RevDate: 2024-04-11

Karimian K, Groot A, Huso V, et al (2024)

Human telomere length is chromosome end-specific and conserved across individuals.

Science (New York, N.Y.) [Epub ahead of print].

Short telomeres cause age-related disease and long telomeres predispose to cancer; however, the mechanisms regulating telomere length are unclear. We developed a nanopore-based method, Telomere Profiling, to determine telomere length at nearly single nucleotide resolution. Mapping telomere reads to chromosome ends showed chromosome end-specific length distributions that could differ by more than six kilobases. Telomere lengths in 147 individuals showed certain chromosome ends were consistently longer or shorter. The same rank order was found in newborn cord blood, suggesting that telomere length is determined at birth and chromosome end-specific telomere length differences are maintained as telomeres shorten with age. Telomere Profiling makes precision investigation of telomere length widely accessible for laboratory, clinical, and drug discovery efforts and will allow deeper insights into telomere biology.

RevDate: 2024-04-11

Gao Y, Xu DD, Z Hu (2024)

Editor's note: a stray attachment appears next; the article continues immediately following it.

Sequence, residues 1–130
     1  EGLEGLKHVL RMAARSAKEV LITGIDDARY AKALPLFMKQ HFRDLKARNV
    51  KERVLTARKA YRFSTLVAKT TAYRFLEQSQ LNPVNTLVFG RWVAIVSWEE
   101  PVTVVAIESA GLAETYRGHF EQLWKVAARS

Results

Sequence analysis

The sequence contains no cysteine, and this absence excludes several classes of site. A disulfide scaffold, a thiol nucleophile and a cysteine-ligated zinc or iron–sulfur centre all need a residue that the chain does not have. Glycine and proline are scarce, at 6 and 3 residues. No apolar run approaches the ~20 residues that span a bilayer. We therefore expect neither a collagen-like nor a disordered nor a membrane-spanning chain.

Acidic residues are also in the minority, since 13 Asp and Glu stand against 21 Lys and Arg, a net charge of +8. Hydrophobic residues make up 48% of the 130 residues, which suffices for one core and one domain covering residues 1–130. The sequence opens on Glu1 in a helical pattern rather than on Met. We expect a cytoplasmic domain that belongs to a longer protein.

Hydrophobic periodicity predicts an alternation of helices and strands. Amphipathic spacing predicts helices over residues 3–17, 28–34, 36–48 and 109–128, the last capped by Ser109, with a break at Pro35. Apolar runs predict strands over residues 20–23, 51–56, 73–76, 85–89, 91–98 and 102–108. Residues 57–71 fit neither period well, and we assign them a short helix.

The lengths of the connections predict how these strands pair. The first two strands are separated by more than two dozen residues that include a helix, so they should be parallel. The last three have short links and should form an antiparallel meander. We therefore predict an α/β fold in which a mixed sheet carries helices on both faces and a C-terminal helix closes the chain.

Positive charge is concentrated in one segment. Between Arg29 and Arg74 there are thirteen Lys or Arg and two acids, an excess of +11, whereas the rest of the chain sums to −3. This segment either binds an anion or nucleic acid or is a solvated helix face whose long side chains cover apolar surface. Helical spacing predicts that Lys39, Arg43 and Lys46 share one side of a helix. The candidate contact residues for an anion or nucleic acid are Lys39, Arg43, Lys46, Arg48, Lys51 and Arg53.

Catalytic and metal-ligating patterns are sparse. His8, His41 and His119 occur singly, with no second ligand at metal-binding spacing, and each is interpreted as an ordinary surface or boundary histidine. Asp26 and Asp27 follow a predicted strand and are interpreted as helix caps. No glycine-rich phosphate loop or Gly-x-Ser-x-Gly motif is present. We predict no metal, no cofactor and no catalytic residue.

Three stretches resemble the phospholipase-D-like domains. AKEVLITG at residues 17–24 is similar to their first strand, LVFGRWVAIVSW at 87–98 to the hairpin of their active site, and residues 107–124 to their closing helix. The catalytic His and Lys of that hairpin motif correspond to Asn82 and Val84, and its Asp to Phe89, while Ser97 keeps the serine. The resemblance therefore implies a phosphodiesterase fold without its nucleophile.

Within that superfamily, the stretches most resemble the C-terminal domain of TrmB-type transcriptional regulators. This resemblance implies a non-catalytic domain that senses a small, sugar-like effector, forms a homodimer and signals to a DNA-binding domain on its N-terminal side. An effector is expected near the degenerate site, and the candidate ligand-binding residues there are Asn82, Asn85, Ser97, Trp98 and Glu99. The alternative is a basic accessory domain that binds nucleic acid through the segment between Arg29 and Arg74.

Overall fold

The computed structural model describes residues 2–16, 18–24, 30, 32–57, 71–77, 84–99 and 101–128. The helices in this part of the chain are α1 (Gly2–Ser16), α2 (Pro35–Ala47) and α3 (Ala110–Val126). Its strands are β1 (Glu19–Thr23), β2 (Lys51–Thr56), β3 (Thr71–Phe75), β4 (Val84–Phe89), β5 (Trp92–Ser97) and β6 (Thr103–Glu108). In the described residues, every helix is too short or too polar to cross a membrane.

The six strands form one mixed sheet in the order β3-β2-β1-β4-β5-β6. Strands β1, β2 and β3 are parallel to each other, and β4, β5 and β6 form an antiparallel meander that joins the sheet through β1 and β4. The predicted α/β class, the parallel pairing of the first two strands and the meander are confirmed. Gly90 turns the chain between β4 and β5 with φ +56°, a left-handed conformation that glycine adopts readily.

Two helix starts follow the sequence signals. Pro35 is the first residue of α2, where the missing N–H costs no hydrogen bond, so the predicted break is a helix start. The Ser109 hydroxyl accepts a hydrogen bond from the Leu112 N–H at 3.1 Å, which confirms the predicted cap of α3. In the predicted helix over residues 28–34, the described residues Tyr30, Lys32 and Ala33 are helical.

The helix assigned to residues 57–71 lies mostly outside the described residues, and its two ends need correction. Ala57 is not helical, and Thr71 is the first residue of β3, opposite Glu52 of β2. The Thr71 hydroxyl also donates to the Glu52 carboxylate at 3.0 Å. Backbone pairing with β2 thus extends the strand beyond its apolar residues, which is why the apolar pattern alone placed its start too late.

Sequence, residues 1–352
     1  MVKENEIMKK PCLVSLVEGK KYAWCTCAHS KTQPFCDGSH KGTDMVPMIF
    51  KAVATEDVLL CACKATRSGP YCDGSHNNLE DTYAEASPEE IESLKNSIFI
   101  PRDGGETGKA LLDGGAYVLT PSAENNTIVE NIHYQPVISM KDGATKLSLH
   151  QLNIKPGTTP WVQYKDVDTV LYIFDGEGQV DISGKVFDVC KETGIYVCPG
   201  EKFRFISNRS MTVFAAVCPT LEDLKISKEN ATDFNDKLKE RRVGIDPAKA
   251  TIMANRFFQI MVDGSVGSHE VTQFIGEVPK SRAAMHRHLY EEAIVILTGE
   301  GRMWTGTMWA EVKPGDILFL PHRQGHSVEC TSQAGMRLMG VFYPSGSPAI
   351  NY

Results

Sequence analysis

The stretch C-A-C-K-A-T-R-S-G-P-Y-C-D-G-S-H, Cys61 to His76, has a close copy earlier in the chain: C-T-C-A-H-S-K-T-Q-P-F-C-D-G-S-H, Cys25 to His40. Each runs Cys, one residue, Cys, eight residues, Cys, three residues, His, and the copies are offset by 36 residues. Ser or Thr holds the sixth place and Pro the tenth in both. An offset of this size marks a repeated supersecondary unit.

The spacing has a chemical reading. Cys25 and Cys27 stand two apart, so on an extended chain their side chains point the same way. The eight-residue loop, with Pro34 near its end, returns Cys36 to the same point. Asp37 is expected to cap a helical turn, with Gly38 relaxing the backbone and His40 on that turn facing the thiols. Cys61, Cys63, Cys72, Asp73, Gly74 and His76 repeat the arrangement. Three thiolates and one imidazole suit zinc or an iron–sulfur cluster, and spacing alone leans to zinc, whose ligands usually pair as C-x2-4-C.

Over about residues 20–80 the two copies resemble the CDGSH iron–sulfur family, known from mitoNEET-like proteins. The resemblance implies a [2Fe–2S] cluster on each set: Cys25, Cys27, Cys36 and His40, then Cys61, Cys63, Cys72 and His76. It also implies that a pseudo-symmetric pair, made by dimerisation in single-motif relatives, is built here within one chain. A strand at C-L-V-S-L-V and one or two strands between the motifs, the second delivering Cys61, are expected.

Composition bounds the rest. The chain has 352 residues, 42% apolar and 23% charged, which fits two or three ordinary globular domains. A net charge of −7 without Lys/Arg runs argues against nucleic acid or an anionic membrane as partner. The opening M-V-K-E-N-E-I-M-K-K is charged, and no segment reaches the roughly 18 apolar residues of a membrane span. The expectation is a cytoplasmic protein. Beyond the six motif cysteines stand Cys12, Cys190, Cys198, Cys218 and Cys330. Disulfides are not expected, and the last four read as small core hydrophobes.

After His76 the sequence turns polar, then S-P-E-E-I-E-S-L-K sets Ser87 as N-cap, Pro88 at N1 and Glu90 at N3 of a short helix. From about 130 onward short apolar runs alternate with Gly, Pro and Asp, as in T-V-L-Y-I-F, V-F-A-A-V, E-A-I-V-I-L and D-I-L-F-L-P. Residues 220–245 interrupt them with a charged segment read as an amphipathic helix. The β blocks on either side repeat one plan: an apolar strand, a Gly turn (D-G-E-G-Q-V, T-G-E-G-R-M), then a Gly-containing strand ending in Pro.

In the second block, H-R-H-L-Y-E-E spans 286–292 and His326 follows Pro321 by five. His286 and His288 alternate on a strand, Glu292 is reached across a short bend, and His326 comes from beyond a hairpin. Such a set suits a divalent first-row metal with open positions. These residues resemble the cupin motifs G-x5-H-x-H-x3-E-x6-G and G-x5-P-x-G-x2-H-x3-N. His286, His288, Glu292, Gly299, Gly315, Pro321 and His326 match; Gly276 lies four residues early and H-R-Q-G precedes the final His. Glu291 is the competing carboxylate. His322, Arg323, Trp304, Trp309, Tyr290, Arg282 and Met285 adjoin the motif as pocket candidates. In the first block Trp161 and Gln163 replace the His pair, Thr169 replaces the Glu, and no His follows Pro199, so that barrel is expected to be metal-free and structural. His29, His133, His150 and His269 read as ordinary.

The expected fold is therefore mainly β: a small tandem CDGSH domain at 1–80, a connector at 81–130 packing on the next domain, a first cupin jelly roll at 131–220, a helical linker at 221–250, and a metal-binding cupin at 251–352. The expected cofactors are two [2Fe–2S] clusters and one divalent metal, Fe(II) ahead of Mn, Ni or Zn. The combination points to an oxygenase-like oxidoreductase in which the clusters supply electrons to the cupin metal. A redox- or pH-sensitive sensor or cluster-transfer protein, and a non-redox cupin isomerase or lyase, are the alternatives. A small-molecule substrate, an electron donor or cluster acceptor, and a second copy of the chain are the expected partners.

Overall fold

Telomere-to-telomere genome assembly of Oldenlandia diffusa.

DNA research : an international journal for rapid publication of reports on genes and genomes pii:7643926 [Epub ahead of print].

We report the complete telomere-to-telomere genome assembly of Oldenlandia diffusa which renowned in traditional Chinese medicine, comprising 16 chromosomes and spanning 499.7 Mb. The assembly showcases 28 telomeres and minimal gaps, with a total of only five. Repeat sequences constitute 46.41% of the genome, and 49,701 potential protein-coding genes have been predicted. Compared with O. corymbosa, O. diffusa exhibits chromosome duplication and fusion events, diverging 20.34 million years ago. Additionally, a total of 11 clusters of terpene synthase have been identified. The comprehensive genome sequence, gene catalog, and terpene synthase clusters of O. diffusa detailed in this study will significantly contribute to advancing research in this species' genetic, genomic, and pharmacological aspects.